Language Support Strategies in First Year Chemistry

Language Support Strategies in First Year Chemistry

Adam James Bridgeman (University of Sydney, Australia)
DOI: 10.4018/978-1-61350-062-0.ch002
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Abstract

In-class and online active learning strategies, which have been implemented at The University of Sydney, are described to respond to the challenge of teaching chemistry at a first year level, to students with a wide range of abilities and levels of motivations. Core to the design of these activities is the belief that students learn chemical concepts most effectively when they are actively engaged in doing and talking, rather than rote learning and listening. The strategies described have been developed within the context of large classes and limited resources. They are fully adaptable to other topics beyond first chemistry and to other sciences. They are also necessarily designed to be scalable to large or small classes and to be sustainable. Online resources are useful for helping students become familiar with chemical language and symbolism and to provide them with a means of practicing their use. Online quizzes are an invaluable means of students self-assessing their progress and of providing meaningful assessment of their level of mastery. In-class activities involving student response systems and student-centred, inquiry based approaches are built around active learning and on-going formative assessment. To develop language skills, social interaction via peer instruction and group discussions can be utilized to ensure that classes are vibrant and engaging.
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Introduction

Chemistry is the central science. An understanding of chemistry is important in many scientific disciplines and for an informed appreciation of technological, environmental and medicinal topics. First year chemistry is thus mandatory or at least highly recommended for most science students and is also chosen by students on many other degrees desiring knowledge of the scientific method. For example, around 20000 students undertake chemistry units across 35 Australian universities (Barrie, Buntine, Jamie, & Kable, 2001).

Teaching chemistry has been compared to teaching a foreign language (Markow, 1988). It is necessarily an abstract subject, dealing with how processes and events at the microscopic level have an effect at the macroscopic level and in everyday life (Ben-Zvi, Eylon, & Silberstein, 1988; Maskill & Cachapuz, 1989; Zoller, 1990) (Nakhleh, 1992). Many choose to study chemistry because they want, for example, to design new medicines and materials or want to understand biological and environmental systems. Before a student can understand these applications of chemical science and the way chemist interpret chemical phenomena, a good basis in its language, grammar and symbolism is required.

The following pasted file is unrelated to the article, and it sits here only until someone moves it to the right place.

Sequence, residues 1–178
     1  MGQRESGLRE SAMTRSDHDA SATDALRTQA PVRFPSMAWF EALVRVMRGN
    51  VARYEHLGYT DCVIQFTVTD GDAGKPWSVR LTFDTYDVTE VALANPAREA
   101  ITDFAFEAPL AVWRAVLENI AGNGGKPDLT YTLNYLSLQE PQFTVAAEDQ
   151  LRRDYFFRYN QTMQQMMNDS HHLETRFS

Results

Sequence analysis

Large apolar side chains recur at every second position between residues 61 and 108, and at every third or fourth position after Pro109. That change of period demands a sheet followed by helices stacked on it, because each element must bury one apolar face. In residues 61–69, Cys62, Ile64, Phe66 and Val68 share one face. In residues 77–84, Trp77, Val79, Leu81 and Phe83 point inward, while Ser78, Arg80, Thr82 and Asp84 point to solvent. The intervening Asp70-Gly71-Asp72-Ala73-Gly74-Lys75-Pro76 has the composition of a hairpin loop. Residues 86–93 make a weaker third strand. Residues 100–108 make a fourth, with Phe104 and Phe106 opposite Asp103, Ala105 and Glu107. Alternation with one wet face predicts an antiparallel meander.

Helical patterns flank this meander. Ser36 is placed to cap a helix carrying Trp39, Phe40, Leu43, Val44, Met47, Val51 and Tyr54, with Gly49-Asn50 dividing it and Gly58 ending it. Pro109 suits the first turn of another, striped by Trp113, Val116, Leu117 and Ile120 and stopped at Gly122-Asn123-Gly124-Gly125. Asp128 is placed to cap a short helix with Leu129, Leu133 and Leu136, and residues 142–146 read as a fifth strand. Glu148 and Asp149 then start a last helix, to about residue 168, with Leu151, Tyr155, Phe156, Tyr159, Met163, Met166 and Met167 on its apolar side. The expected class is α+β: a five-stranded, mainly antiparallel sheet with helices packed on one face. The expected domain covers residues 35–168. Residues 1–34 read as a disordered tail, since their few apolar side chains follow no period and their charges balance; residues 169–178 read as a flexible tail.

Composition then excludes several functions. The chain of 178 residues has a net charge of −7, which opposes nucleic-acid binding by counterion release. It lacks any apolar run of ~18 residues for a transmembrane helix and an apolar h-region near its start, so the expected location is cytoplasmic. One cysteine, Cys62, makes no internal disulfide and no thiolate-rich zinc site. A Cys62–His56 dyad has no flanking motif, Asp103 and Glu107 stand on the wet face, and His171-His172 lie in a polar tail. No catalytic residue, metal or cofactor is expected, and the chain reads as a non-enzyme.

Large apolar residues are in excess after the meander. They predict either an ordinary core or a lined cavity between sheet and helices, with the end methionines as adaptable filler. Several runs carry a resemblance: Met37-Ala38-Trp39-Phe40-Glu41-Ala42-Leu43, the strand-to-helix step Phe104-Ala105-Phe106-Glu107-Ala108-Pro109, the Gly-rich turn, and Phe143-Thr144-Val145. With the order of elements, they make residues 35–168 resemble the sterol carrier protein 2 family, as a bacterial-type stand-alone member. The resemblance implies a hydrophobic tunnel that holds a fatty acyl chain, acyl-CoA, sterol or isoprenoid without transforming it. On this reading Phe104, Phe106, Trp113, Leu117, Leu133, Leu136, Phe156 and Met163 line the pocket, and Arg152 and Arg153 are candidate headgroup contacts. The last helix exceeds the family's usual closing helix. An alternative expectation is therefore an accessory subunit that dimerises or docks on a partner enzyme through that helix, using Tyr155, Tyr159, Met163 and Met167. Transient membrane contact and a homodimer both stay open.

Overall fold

As noted by (Markow, 1988), chemists often use common words to mean something either much more specific or even completely different to the everyday usage. Examples include ‘weak’, ‘strong’, ‘significant’, ‘concentration’ and ‘favorable’. To a chemist, these terms have a precise, conceptual connotation which is unlikely to be the same as that of the lay reader or a new student. Scientists have appropriated everyday adjectives like ‘weak’ and ‘strong’ and, at the same time, many scientific terms such as ‘gas’ and ‘quantum’ have entered the general vocabulary and had their original meaning changed or blurred. Perhaps most unfortunately, even the words ‘chemical’ and ‘chemist’ are often used in a completely different way in the media to how a practitioner would define them.

Probably the easiest language issues for an educator to deal with are the new words that a student will encounter. Sensitivity to the unfamiliarity and the pronunciation of terms like ‘nucleophile’, ‘electrophile’ and ‘stoichiometry’ is important. Such words can form a barrier to comprehension and a glossary can be an important addition to a course or text. Success in chemistry, however, requires a deeper mental representation and conceptual understanding of chemical terms than rote learning of definitions. For example, as well as being able to recite “mass per unit volume” and perform a calculation, a successful chemist will have a mental image of what density is (Beek & Louters, 1991).

As well as dealing with the different uses of words in everyday language and in chemistry, the educator must also be aware of misunderstanding and misconceptions in the definition of chemistry terms that students bring with them to university. The acquisition and development of chemical understanding and language is not built upon a blank slate (Beall, 1994; Bradley & Brand, 1985; Granville, 1985; Mason, 2006; Mayer, 2010; Nakhleh, 1992; Sanger & Greenbowe, 1999). Prior knowledge from high school can be particularly hard to alter, requiring awareness of the issue from both the educator and the student. In first year chemistry courses, students may not be open to such limitations in their knowledge and to their own misunderstandings. Preconceptions about the meaning of words are not easily changed (Cary, 1984).

Introductory courses also rapidly introduce and then rely completely on symbolic notation. According to Wellington and Osborne (2001), symbolic language have the highest level of abstraction of scientific words. As discussed by (Marais & Jordaan, 2000a), three types of symbolic notation are used in chemistry:

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